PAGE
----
Posts Tagged ‘particle transport’

Transport of metal oxide nanoparticles across Calu-3 cell monolayers modelling the air-blood barrier

As inhalation is the major exposure route for nanoparticles, the question if inhaled particles can overcome the respiratory epithelial barrier and hence enter the body is of great interest. Here, we adapted the for soluble substances well established Calu-3 in vitro air-blood barrier model to the use of nanoparticle transport testing. As the usually used filter supports hindered particle transport due to their small pore size, supports with a pore size of 3 ┬Ám had to be used. On those filters, barrier and transport characteristics of the cells were tested and culture conditions changed to obtain optimal conditions. Functionality was confirmed with transport experiments with polystyrene model particles prior to testing of industrially relevant engineered metal oxide particles. Except for CeO2 nanoparticles, no transport across the epithelial barrier model could be detected. Paracellular permeability and barrier function was not affected by any of the nanoparticles, except for ZrO2.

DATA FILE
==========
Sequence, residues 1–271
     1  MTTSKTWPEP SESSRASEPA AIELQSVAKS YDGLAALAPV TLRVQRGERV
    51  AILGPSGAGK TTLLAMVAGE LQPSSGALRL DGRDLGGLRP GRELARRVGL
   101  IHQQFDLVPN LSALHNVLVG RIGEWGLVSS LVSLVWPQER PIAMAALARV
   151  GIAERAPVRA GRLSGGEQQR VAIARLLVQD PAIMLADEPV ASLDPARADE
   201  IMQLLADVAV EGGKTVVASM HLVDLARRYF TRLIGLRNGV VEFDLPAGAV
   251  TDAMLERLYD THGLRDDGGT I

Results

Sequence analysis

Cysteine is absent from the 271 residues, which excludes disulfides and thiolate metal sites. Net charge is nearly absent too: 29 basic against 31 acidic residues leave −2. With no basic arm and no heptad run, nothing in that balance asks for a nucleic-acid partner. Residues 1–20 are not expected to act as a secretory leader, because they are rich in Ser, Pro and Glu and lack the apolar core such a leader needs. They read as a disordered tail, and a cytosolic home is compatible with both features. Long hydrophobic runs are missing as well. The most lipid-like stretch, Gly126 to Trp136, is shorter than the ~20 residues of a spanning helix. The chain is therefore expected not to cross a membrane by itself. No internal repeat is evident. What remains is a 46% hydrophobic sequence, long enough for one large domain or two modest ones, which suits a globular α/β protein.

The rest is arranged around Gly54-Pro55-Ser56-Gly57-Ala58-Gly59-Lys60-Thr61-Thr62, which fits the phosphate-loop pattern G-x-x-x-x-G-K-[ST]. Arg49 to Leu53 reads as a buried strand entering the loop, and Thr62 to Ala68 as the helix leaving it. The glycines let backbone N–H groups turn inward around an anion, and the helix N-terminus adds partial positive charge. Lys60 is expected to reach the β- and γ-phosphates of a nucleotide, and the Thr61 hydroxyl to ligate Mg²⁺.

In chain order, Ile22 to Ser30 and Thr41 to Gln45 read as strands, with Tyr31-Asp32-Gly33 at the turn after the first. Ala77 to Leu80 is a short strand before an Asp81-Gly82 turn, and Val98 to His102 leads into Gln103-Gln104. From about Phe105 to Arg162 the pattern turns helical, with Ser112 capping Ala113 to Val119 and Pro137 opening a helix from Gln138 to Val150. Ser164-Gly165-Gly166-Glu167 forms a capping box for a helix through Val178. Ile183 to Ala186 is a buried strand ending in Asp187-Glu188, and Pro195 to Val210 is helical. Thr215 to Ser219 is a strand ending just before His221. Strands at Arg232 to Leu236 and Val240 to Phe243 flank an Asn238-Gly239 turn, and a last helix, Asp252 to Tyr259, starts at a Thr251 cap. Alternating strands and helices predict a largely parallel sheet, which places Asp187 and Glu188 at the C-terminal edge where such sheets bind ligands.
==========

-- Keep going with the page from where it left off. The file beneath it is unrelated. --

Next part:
Transport of Metal Oxide Nanoparticles Across Calu-3 Cell Monolayers Modelling the Air-Blood Barrier

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